Traditional, on-premises disaster recovery strategies are very complex and expensive undertakings. To set up and maintain both primary and disaster recovery on-premises data centers is prohibitively expensive for many life science and healthcare organizations. Not only does it require duplicate hardware, compute, and storage infrastructure, but it often requires duplicate licenses for third-party applications, including costly medical software.
In addition to budgetary limitations, life science and healthcare IT professionals may encounter technical constraints as medical technology vendors often insist that customers use only their application-specific disaster recovery solutions. Yet many IT professionals quickly discover that these application-specific solutions do not necessarily provide the technical features they are looking for (e.g., automation) or the results they need (e.g., recovery within minutes). In addition, having to use different disaster recovery solutions for different applications can make the setup and maintenance of an organization’s overall disaster recovery strategy cumbersome, resource intensive, and error prone.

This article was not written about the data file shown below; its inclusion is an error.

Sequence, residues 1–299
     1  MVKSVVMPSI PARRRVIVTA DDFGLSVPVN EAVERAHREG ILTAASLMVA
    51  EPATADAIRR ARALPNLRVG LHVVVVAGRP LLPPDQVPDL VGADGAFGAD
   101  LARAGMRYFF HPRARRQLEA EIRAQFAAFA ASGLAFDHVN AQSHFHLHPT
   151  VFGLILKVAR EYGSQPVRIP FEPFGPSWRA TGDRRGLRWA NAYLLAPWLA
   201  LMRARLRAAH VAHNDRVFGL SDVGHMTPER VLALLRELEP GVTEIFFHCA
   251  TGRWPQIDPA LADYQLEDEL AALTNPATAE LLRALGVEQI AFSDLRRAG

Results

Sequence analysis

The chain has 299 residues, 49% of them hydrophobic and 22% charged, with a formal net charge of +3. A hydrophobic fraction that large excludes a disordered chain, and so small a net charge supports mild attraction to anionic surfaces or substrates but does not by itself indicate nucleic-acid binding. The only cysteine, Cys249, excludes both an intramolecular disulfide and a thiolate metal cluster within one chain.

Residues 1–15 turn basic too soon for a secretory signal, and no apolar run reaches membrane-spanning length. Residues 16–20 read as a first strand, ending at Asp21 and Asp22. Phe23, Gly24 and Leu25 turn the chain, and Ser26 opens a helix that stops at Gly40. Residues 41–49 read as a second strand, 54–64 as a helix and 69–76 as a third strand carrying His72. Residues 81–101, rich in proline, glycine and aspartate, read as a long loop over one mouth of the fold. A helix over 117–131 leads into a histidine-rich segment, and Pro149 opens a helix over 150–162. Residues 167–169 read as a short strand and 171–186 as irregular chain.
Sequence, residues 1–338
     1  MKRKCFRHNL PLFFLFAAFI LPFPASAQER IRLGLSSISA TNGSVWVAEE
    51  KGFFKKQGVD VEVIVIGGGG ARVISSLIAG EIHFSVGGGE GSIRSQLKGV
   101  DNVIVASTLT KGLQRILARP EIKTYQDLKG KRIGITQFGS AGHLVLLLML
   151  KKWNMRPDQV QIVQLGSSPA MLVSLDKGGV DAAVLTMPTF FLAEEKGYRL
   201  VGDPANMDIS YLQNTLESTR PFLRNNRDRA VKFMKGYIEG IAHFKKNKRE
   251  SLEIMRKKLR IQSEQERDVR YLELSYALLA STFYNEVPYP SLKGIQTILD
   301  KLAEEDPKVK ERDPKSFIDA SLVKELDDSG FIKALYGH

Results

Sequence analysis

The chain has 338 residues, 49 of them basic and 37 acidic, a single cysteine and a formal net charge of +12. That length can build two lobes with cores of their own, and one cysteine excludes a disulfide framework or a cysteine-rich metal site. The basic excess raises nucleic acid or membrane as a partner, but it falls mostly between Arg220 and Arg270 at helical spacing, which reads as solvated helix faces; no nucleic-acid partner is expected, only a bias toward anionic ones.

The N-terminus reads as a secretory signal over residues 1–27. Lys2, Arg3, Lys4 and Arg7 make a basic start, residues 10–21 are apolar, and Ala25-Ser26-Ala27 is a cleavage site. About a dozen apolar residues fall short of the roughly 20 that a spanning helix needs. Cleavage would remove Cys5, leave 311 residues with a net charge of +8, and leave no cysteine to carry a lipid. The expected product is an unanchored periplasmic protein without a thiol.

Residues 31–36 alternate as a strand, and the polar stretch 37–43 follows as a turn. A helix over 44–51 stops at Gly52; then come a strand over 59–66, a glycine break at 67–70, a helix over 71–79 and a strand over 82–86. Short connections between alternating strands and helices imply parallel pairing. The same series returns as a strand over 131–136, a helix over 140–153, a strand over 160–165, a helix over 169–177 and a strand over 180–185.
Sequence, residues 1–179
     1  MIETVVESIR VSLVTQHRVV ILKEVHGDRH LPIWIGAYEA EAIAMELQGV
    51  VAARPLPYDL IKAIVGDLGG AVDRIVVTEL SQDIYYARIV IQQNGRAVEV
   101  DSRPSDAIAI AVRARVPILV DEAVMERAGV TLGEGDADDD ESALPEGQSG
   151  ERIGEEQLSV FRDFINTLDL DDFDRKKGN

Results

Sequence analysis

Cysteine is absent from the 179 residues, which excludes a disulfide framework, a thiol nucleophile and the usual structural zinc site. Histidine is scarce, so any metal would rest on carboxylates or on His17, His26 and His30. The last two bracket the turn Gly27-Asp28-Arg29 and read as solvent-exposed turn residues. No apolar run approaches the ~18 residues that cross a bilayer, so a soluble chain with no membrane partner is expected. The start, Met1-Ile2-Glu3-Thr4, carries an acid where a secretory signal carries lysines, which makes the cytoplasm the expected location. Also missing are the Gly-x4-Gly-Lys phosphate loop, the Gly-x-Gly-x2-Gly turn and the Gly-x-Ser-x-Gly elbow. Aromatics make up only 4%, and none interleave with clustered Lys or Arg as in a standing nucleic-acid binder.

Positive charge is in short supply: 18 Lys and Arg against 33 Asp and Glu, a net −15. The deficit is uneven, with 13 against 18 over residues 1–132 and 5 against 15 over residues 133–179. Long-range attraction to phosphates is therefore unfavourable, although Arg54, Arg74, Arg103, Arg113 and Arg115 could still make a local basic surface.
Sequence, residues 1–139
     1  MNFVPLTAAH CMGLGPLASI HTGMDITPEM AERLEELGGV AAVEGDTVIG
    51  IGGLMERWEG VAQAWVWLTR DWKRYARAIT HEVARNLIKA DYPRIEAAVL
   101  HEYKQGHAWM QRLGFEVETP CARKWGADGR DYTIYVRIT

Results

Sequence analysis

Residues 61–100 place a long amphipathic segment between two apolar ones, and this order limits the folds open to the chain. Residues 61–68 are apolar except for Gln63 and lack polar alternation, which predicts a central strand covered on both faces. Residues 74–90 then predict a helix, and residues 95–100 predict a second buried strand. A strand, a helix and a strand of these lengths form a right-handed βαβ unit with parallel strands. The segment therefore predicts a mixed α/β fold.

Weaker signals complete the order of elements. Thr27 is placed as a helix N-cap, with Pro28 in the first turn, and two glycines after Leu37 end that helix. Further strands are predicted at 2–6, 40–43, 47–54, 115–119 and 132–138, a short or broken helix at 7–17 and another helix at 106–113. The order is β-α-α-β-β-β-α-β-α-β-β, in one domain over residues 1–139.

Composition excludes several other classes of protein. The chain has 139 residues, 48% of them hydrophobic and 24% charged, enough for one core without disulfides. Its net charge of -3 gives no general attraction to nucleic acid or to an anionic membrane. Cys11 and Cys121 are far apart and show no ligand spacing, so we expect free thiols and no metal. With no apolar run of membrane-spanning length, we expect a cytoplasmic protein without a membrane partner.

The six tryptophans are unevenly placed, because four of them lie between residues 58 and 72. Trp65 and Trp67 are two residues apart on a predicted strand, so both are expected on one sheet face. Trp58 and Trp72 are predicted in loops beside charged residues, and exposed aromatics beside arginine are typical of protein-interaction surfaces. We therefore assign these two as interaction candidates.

Advantages of Cloud Disaster Recovery
Life sciences and healthcare IT professionals can leverage AWS to achieve robust disaster recovery for their applications at a much lower cost than traditional, on-premises disaster recovery solutions. In order to take full advantage of the cloud’s benefits, IT departments should consider using a disaster recovery solution that is fully integrated with AWS – whether that is an AWS service or a solution offered by an AWS Partner Network (APN) Partner.